Written By Pratichi Satpathy (Grade 8)
“No country can ever truly flourish if it stifles the potential of its women and deprives itself of the contribution of half its citizens.” – Michelle Obama
Today’s society is one where women are represented and are included like never before. Asia has seen commendable progress in women’s empowerment and gender equality, witnessing a sharp spike in women’s admissions to higher education institutions, women’s involvement in legislatures, and their contributions to diversification and economic growth. Laws across the countries have been made to protect women. However, there is a lot that we don’t see on the surface.
According to a UN Women survey, 55% of women living in Asia have faced violence from their intimate partners at least once in their lifetimes. Domestic violence is a prevalent issue that consists not only of physical violence but also of emotional, sexual, and economic abuse. To make matters worse, victims are often silenced and are subject to blame and criticism from their families.
In Asia and the Pacific, 75% of women have experienced sexual harassment.It is unfortunate that public sexual harassment of women, nicknamed ‘eve-teasing’, is a normalised occurrence, and society blames victims, not perpetrators.
Some Asian cultures state that a girl child is a burden on the family and exhausts the family’s financial resources. This, unfortunately, is enough to justify murder and a violation of the infant’s right to life by performing female infanticide. Women are always seen as economically dependent—on their fathers at birth, husbands in marriage, and sons in old age—which is the primary reason why women in abusive situations do not leave. The fear of being homeless and without money puts many women through abuse daily.
Along with working, women must complete household chores perfectly, being expected to add value to the family both ways. Moreover, they are not well represented in politics. Often, at the helm of affairs are 75-year-old men who have neither insight into nor knowledge of the problems that women face, leading to legislatures being male-centric.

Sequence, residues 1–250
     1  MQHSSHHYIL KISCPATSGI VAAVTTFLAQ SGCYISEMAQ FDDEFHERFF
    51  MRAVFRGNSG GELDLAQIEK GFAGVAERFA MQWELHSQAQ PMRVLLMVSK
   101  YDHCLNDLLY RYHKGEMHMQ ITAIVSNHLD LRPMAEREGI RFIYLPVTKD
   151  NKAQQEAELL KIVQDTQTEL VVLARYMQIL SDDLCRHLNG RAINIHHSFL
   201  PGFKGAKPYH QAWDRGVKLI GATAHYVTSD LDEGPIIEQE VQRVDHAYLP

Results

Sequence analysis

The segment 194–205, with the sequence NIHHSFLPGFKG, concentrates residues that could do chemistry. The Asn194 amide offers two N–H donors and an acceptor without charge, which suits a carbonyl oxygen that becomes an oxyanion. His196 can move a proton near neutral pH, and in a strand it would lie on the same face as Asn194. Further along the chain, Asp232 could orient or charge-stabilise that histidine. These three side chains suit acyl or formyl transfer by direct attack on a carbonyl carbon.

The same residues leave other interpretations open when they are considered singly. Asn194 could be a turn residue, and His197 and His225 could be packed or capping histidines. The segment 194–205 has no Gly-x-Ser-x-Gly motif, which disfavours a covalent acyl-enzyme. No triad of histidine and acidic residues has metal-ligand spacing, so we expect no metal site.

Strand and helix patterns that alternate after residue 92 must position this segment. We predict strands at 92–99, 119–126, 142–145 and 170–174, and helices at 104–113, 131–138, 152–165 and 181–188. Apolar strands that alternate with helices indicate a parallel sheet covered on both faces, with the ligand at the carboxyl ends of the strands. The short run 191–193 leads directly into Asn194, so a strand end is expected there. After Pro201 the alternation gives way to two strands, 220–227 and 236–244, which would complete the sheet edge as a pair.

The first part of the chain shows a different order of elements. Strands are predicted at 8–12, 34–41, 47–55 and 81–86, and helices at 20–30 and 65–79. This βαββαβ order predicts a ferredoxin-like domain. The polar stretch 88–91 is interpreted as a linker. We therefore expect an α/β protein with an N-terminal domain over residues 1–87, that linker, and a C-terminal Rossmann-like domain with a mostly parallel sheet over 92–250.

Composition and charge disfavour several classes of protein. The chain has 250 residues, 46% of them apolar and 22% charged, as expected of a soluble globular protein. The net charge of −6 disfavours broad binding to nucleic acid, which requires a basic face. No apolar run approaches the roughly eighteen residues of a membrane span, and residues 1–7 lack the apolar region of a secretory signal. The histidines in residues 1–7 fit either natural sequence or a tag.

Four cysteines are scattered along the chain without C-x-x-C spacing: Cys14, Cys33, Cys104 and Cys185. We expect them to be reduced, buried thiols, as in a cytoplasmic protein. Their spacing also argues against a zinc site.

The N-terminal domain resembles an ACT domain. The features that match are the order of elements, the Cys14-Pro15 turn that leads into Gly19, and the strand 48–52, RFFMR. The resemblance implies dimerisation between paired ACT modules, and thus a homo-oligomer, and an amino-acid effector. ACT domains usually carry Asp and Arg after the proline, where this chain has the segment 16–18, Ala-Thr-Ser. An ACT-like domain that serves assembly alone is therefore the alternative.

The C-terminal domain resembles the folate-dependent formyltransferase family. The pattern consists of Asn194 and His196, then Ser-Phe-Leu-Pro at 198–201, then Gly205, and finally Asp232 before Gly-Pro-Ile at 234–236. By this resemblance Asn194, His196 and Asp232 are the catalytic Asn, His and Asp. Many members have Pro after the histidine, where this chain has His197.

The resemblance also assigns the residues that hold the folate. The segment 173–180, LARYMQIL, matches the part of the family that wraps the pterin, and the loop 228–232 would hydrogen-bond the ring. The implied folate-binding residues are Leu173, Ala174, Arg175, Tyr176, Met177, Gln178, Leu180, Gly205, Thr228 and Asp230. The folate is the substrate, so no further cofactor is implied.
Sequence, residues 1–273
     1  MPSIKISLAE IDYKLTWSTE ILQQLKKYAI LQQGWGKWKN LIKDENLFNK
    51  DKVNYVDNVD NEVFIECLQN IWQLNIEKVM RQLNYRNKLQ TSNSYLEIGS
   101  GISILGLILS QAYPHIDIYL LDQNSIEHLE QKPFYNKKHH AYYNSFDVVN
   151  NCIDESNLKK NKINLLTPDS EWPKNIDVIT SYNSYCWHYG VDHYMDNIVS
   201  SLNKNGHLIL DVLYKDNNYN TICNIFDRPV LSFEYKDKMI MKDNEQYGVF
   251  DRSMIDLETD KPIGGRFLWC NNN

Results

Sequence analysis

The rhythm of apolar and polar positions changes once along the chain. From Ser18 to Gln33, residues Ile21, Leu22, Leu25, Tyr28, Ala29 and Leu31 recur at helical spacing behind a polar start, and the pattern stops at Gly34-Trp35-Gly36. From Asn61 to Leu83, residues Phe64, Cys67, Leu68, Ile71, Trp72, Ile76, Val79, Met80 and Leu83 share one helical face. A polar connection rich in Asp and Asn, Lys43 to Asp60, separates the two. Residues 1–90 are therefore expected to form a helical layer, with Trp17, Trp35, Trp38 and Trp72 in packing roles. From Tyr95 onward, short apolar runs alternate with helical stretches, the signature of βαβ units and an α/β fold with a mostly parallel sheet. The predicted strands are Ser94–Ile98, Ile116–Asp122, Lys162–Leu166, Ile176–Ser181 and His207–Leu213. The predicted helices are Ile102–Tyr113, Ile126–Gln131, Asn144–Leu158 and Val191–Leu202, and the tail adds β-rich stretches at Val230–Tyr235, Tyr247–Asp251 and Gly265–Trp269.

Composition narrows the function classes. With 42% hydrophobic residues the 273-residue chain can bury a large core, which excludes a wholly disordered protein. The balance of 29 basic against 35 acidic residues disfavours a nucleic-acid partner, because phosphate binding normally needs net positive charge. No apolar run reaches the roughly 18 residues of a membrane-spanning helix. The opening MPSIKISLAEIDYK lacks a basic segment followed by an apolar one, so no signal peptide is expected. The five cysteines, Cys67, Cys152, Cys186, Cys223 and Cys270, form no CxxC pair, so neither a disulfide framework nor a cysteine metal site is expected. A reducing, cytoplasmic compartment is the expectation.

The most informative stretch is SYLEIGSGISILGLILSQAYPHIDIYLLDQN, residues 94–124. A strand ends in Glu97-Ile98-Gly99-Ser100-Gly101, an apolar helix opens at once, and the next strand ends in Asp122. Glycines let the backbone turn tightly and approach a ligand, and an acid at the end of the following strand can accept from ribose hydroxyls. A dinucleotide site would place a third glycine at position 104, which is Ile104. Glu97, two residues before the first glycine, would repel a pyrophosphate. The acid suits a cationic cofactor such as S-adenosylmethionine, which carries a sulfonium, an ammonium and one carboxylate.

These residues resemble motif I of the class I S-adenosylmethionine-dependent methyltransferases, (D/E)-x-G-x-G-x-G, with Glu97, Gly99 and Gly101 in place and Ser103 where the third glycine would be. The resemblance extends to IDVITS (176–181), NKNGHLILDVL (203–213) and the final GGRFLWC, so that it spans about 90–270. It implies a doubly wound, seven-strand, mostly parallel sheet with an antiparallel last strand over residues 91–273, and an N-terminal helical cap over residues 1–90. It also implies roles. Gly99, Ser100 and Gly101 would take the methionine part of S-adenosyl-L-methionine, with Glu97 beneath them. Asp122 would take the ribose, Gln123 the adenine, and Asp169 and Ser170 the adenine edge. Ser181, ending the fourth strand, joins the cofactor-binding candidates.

Advancing women’s equality in the countries of the Asia-Pacific region could add $4.5 trillion to their collective annual GDP in 2025. Women’s empowerment is essential to the development of nations all across Asia. There are numerous ways in which the gender gap can be bridged.
First and foremost, for women in violent, abusive situations, working helplines and women’s support cells can save lives. In India, 99.1% of cases of sexual violence go unreported. Having working helplines can enable the women to get the requisite help. Another solution could be having more policewomen on the force. Applications to report crimes without knowledge of the perpetrator could also be developed.
Financial independence gives women the power to leave abusive situations and start life anew with access to funds that they could use to secure their future. Women can be given vocational training to enhance their skills and train them for leadership roles. Support for entrepreneurship and start-ups led by women would also be a great leap.
As regards male-centric laws, a crucial step to take would be to increase female representation in law-making bodies like governments. Having a quota for the number of seats for women in parliaments and government bodies would be of great help.
Furthermore, governments could make laws that protect women from discrimination, violence, and unequal pay. Co-operation between society, NGOs, governments, and international law-making bodies would result in further advocacy, access to resources for women’s empowerment, and much more.
When it comes to managing family and work responsibilities, companies can do a lot to help women, like introducing extended maternity leave, alternate work arrangements like working from home, or flexible working hours for mothers and women with familial responsibilities.
Of course, one must also address the root of the problem: stereotypes and a lack of awareness among the general populace. Teaching young people about gender sensitivity can foster a sense of societal responsibility in them. Additionally, it can instil a sense of positive masculinity and challenge harmful gender norms, thereby making men and boys allies. Media and communication are tools that shape the minds of the public and can be used effectively by women to raise their voices.
It is vital that advocates for women’s empowerment challenge stereotypes and lend a helping hand to those who are struggling. Women cannot be equal to men by bringing other women down, but by lifting them up. To conclude, I would like to quote Maya Angelou: “Each time a woman stands up for herself, she stands up for all women.”
Featured Image Courtesy – KnowESG